e humani corporis fabrica was printed in 1543 – the same year as Nicolaus Copernicus’ On the Revolutions of the Celestial Spheres revolutionized the science of astronomy. The intellectual climate of the Renaissance was welcoming to the humanists; that is, people who were rejecting dogma and pursuing original, secular, critical thought.
“The Fabrica came at the high waterline of medical humanism’’, said Garrison, “when the authority of ancient knowledge was never greater but faced new challenges from anatomists using direct observation instead of book knowledge”.
The Fabrica was immediately successful when it was published. If the old chestnut that “there’s no such thing as bad publicity” holds, then the Fabrica perhaps garnered even more attention when it infuriated Vesalius’ prominent former professor Jacob Sylvius in Paris.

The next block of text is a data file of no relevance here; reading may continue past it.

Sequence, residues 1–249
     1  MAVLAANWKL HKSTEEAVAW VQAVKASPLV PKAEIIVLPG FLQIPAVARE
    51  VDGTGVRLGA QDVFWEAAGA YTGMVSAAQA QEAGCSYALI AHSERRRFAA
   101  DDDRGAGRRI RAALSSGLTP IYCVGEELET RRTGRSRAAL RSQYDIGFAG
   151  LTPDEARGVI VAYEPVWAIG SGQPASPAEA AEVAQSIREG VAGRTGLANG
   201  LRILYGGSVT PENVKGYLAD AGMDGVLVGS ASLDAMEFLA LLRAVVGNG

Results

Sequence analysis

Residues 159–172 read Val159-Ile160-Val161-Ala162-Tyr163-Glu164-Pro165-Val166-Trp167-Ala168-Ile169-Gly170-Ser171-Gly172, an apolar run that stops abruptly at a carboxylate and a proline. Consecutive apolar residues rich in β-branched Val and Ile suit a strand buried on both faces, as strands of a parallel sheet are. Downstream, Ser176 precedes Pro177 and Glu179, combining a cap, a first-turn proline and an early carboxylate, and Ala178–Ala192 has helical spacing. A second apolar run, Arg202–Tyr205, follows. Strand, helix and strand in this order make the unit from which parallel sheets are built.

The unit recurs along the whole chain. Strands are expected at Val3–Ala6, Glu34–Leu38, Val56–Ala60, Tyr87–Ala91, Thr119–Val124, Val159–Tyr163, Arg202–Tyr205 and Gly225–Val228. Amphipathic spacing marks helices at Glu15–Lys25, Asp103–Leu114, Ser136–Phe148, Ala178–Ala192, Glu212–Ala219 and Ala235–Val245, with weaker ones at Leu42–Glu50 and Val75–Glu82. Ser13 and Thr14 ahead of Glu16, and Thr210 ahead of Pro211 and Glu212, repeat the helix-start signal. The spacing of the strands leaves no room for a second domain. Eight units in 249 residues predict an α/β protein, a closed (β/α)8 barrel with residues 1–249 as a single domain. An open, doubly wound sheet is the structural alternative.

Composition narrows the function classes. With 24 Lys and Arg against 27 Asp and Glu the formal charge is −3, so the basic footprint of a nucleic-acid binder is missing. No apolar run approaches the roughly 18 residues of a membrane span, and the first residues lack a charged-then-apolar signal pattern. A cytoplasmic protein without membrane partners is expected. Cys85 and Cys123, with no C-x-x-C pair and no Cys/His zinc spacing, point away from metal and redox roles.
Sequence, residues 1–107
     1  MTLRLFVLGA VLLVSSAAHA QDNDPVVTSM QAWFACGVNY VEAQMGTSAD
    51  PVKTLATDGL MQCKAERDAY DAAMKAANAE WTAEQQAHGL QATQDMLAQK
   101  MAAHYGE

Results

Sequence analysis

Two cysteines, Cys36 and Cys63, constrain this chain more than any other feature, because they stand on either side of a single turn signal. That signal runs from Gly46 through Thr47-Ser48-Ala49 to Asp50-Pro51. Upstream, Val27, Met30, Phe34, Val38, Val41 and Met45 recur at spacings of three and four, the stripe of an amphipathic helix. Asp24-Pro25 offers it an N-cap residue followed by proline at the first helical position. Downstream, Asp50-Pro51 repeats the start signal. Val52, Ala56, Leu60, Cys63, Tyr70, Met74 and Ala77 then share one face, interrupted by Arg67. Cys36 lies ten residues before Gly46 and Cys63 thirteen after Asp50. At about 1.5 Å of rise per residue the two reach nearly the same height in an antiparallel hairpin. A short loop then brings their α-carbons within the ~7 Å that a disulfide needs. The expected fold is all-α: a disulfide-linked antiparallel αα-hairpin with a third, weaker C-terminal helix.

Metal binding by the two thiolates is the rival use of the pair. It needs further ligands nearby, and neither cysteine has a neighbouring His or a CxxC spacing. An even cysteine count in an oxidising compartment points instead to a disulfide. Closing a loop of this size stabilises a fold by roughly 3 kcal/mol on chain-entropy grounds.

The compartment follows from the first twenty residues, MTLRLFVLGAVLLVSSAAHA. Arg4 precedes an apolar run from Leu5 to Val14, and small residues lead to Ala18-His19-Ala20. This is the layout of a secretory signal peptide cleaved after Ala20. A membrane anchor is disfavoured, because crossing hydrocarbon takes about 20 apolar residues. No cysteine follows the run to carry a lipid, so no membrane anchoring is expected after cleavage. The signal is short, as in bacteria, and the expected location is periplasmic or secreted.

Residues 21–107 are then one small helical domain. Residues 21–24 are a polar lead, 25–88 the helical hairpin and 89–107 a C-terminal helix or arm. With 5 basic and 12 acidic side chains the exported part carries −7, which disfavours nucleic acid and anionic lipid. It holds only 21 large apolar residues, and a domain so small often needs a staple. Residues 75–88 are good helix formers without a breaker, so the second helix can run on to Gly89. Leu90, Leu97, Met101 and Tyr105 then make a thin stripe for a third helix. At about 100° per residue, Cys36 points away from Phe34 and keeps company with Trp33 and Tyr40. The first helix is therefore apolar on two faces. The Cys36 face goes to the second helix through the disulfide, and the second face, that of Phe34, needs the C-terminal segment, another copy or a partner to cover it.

Sylvius ranted against Vesalius and his magnum opus, even writing angry letters to the emperor urging him to destroy the Fabrica, but to no avail.
Beyond medicine, Vesalius’ work provided painters and sculptors with templates for visualizing the curves and forms of the bones and muscles of the human body. Leonardo da Vinci had sketched human anatomy in work that was only published much later, but not to the thorough degree of Vesalius. Thus, Vesalius shaped the discipline of art as well as medicine.